As we drove towards the post for our snorkel tour, Cynthia, our excursion host, shared a few holistic remedies the islanders use to promote good health, in lieu of traditional medicine. One such remedy for high blood pressure, she explained, was to peel a papaya and boil the papaya whole, seeds and all. Refrigerate the juice that is produced, and drink daily to reduce high blood pressure.
As we arrived on this beautiful swath of lava encrusted coastline, our instructions were simple, leave everything behind and embrace the experience.
Although not the snorkeling enterprise I had imagined with white sands, vividly colored fish and intricate sea life filled reefs, it was still a peaceful experience. The water was a bit murky and more like snorkeling in a lake. Our snorkeling guides assured us this was the first such day the water had not been crystal clear. The fascinating part about this snorkel adventure was the veritable garden of diminutive effervescence. itself. Effusive champagne like bubbles billowed from a sea floor of volcanic geothermal fisseries, creating a unique Don Ho, 'warm all over' experience.
A first for me during the snorkel adventure was gently holding a Dominican Sea Urchin, also known as a sea egg, as I explored the underwater IMAX. The urchin is like a globular, quilled egg and would suction itself to my hand as I kept it safely underwater. The urchin is a member of the phylum enchinodermata family, which includes starfish, brittle stars, sea cucumbers and crinoids.
I was a fish out of water in my underwater habitat as I inadvertently snorkeled in my fair share of H20. The experience was uniquely educating and one I recommend. I felt like Ariel getting to be a part of that world.
Dominica is one of the most famous places in the world for whale watching, as it is home to a year round pod of sperm whales, although I didn’t see a single one. The excursion hosts have tours here that will guarantee you to sight a whale.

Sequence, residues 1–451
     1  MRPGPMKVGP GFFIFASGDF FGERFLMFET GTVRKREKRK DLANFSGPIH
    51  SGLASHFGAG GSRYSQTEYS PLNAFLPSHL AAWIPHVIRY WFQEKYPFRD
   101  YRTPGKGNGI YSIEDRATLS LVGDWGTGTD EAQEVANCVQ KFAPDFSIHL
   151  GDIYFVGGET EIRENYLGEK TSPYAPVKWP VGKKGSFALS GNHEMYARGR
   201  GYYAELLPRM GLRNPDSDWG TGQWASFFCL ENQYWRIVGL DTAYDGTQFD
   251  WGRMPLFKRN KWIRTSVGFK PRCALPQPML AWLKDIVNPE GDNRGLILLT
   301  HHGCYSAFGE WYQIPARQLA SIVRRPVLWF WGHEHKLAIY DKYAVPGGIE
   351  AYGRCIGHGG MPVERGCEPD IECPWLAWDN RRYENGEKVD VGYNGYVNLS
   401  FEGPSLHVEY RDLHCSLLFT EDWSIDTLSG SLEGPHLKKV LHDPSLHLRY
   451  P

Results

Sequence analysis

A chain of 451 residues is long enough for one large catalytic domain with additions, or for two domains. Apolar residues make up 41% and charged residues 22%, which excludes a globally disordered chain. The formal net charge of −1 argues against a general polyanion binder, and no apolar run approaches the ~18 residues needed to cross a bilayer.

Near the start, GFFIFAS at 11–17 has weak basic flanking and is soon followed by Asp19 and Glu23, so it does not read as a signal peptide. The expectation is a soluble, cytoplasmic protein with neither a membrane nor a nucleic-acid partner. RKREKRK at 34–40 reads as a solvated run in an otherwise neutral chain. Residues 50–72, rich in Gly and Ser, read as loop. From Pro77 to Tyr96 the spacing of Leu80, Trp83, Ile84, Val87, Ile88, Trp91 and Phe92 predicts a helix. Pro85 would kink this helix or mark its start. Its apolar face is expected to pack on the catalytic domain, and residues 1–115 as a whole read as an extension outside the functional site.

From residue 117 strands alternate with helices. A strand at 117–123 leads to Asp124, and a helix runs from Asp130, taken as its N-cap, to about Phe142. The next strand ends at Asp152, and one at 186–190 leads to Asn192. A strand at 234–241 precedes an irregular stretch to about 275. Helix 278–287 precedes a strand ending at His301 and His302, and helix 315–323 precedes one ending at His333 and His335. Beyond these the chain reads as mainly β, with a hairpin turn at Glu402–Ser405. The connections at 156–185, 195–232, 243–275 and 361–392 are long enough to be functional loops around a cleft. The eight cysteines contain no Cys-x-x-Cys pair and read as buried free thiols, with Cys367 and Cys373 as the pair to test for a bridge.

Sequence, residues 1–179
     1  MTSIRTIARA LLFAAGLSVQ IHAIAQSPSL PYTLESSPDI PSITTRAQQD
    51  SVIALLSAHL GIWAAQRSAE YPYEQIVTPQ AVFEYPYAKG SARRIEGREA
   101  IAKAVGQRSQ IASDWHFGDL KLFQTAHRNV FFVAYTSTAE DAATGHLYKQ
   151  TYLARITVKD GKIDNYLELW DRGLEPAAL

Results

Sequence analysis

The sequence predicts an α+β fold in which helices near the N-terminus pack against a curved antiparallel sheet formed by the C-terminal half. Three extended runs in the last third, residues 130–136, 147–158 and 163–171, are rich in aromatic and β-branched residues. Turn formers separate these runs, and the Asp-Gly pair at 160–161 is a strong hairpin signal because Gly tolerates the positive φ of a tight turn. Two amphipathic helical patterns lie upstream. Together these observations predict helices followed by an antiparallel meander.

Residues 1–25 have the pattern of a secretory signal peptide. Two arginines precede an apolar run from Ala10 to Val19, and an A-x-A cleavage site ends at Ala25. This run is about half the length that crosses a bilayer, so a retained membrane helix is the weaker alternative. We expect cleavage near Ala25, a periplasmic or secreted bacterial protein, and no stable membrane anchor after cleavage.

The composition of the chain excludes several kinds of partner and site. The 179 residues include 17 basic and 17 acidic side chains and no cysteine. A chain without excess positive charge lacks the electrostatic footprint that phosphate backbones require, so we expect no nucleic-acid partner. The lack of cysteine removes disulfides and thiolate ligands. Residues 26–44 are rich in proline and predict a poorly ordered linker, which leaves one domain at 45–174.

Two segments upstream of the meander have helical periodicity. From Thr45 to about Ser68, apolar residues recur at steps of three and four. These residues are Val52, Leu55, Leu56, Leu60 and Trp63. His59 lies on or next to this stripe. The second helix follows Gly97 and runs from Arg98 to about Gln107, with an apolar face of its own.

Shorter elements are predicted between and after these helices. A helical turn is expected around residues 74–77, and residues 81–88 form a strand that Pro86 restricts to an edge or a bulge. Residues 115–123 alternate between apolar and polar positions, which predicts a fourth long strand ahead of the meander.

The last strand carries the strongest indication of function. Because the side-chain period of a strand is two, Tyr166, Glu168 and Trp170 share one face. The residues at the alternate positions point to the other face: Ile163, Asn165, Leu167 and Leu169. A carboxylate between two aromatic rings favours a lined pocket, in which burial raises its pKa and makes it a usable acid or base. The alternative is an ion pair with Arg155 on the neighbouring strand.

After our snorkeling expedition, my new friend Jessika, the Noordam's Travel Guide and I, explored the downtown area of Roseau. We wove through the kaleidoscope of markets where things were reasonably priced and the people were incredibly friendly. The famed Dominica Botanical Gardens was a genteel part of our afternoon, and we were fortunate enough to encounter some of the island's famed parrots. We also had the good fortune of visiting a few pastry shops and enjoyed some delectable Dominican pastries.
Although Dominica is famous for its stunning and largely unspoiled natural beauty, the culture rich potpourri of French, Carib, African and English people accessorize the island like vibrantly planted bouquets in a utopian landscape.
One of the lesser populated islands in the West Indies Archipelago, the 289 square mile heavenly haven of Dominica is home to only around 70,000 people. This allows for a ratio of happiness to land mass pretty far above average in my book.
Thank you to our sponsors Holland America Line and Choctaw Nation Health Services. Don't forget to tune in to KTCS's Kris Vegas’ show weekday afternoons as I show you exciting ways to Enjoy the Awesome in Your Life!
It was an exhilarating day as we arrived on the British island of St. Lucia. A sovereign island country under the British Common Wealth, St. Lucia hosts nearly 175,000 residents in its 238 square mile perimeter. Majestic mountain peaks crowned as the St. Lucia Pitons beckon hundreds of thousands of Shangri La hungry visitors each year and reign as the island’s most famous landmark.
The island’s 2,500 foot cloud-kissed mountain peaks are specific to the island and St. Lucia is touted as the most mountainous island in the Caribbean. These spectacular works of nature’s lofty emblematic peaks are no doubt the reason it was chosen as one of the locations where the Pirates of the Caribbean series was filmed. I was hoping to see that they’d accidentally left Johnny Depp behind, but arghhh! No such luck matey!
St. Lucia, just as St. Maarten, was also first inhabited by the Arawak Indians and eventually conquered by their enemies the Caribs. However, through the course of history and many battles between the French and the Brits, the island was finally ceded to the British in 1814, but not before the French named the island after Saint Lucy of Syracuse.